Like many of you, I've been glued to the news from Iraq. As I read headlines of unspeakable crimes and sectarian violence, I notice there's something missing: the voices of Iraqi women. As with most conflicts, rape is used as a weapon of war. Iraq is no exception.
We had no business going to Iraq in the first place anyway, but we did and broke it. Therefore, we have a responsibility to make the best of the worst situation which is to get all of its neighbors and Iraqi factions under the U.N. umbrella together to divide the country in a peaceful manner.
In a rare occasion, the United States and the Islamic Republic have become two odd bedfellows. The reason is that both Tehran and Washington share one common goal to serve their own national interests: a stable Iraq and keeping the oil to flow.
In 2005, while Dick Cheney, Paul Wolfowitz and Bill Kristol were sitting at desks in Washington, my unit was fighting their war in Iraq. They were playing armchair general. We were kicking in doors, getting shot at and driving on IED-planted roads in unarmored vehicles designed for amphibious assaults.
Today, the Iraq civil war is increasingly becoming a conflict between those who believe that there is --or must be -- a nation called Iraq, and those who view Iraq as a transient historical phenomenon with no inherent identity or purpose.
Before we start sending off troops to bring all the wonderful things we love about America to the rest of the world, maybe we should tend to our own affairs first. Let's take the log out of our own eye before we talk about the speck in the eye of other countries.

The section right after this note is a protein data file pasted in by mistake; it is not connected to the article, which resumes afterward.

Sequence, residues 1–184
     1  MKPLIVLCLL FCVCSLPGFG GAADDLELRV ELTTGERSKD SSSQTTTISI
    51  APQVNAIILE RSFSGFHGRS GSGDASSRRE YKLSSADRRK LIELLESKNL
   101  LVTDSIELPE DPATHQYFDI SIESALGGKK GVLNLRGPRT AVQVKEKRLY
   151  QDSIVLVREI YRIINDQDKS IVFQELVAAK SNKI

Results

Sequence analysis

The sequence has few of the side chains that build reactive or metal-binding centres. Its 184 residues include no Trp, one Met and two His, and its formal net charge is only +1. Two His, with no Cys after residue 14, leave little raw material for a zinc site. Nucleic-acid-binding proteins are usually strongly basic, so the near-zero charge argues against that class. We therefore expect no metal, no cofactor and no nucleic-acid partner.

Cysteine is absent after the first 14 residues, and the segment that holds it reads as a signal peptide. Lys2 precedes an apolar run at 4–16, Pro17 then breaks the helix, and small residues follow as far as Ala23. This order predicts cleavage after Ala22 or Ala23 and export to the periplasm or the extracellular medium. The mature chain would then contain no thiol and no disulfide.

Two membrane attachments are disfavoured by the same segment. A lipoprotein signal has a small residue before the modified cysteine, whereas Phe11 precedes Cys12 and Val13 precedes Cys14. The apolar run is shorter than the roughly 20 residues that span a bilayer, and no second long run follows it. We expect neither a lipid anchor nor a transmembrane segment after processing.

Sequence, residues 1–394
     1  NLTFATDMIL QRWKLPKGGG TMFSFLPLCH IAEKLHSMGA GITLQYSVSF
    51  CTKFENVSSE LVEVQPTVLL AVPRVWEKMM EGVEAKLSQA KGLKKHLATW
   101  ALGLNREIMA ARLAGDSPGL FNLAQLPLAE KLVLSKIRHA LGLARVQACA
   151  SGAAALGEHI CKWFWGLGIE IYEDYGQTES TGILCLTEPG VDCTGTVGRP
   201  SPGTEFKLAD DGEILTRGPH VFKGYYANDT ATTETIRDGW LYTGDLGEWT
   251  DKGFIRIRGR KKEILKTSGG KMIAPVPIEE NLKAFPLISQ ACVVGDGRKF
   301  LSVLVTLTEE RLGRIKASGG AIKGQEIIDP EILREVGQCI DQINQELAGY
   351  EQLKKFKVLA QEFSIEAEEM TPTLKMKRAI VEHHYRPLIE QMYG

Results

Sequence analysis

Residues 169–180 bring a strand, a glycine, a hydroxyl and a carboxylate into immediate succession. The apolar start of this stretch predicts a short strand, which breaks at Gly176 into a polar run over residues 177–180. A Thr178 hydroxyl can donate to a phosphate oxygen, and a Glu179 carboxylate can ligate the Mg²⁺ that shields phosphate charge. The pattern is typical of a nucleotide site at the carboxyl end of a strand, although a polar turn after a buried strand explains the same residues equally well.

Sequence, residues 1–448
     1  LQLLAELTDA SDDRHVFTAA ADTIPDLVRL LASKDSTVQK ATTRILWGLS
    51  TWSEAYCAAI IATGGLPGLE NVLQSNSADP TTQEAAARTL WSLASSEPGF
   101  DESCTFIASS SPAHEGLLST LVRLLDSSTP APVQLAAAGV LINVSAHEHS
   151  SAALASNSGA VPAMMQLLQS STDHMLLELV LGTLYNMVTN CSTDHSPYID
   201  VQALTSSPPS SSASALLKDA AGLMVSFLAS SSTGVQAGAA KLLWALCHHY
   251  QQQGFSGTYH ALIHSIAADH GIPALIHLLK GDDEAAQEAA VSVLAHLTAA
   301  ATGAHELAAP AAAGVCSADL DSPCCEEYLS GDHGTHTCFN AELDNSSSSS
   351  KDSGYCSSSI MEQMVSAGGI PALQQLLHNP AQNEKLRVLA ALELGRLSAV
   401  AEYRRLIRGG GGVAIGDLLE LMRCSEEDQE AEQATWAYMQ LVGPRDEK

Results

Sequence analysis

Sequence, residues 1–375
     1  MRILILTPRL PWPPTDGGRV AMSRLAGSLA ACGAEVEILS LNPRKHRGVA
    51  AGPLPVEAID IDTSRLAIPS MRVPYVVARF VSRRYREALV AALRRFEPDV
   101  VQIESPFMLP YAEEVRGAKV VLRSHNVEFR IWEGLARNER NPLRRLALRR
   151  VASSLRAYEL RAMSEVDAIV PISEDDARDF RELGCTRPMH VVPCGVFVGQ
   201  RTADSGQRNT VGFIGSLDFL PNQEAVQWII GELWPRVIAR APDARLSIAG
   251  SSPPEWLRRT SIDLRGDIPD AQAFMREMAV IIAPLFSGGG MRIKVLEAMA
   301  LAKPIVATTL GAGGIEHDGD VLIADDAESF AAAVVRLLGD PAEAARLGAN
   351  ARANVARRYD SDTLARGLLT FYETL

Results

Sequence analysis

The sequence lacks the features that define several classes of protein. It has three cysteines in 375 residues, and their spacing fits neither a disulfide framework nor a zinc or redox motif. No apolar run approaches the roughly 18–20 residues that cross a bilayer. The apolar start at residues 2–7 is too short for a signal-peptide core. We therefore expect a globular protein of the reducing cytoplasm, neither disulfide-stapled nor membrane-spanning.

Even if the advisers do not accompany Iraqi forces into the field, their mere presence in Iraq in U.S. uniforms under the present situation makes them targets for attack. Why else are they arriving armed and ready to defend themselves?
In another generation, when a future U.S. president sends troops to occupy some intransigent country on a dubious objective, American pundits will most likely ask this familiar question made new: "Will it be another Iraq?"
After a decade of war, people are weary and suspicious of any further involvement abroad. They want an answer to the fundamental question of how this serves their interests. What do we intend to accomplish? How do we plan to accomplish it? And what is our exit strategy?
Many American Iraq war veterans must be disappointed; after all, they didn't risk their lives for all those years so that the country they believed they were helping liberate can fall into the hands of extremists.
Indian Strategist Prof. M D Nalapat, UNESCO Peace Chair and Editorial Director of the Sunday Guardian, has an unusually spot-on record for predicting trends in the Middle East. This is what he has to say about Iraq.
American intervention has broken pottery all over the Middle East. Every time the U.S. attempts to repair its last accident, it increases and spreads the mess. It is time for a different approach. One in which Washington does not attempt to micromanage the affairs of other nations. In which Washington practices humility. This would not be isolationism. America, and especially Americans, should be engaged in the world. Economic and cultural ties benefit all. Political cooperation can help meet global problems. Humanitarian needs are varied and manifold. Military action sometimes is necessary, but only rarely -- certainly far less often than presumed by Washington.
The United States should use the 300 soldiers who are on their way to Iraq to stiffen its allies spines and to generate collective action to fight the forces of evil now set loose in the Middle East. America can help with this endeavor, but the heavy lifting must be the responsibility of America's Middle East Allies.
We are clearly in the early stages of the intervention sweepstakes. The initial moves may even be greeted as auspicious, but watch out for the long-run destabilizing effects in an already chaotic region. Washington only imagines it can control such combustible situations.
The insurgents are not only in a struggle against what they see as oppression by a largely Shiite government in Baghdad and its security forces, but also over who will control and benefit from what Maliki -- speaking for most of his constituents -- told the Wall Street Journal is Iraq's "national patrimony."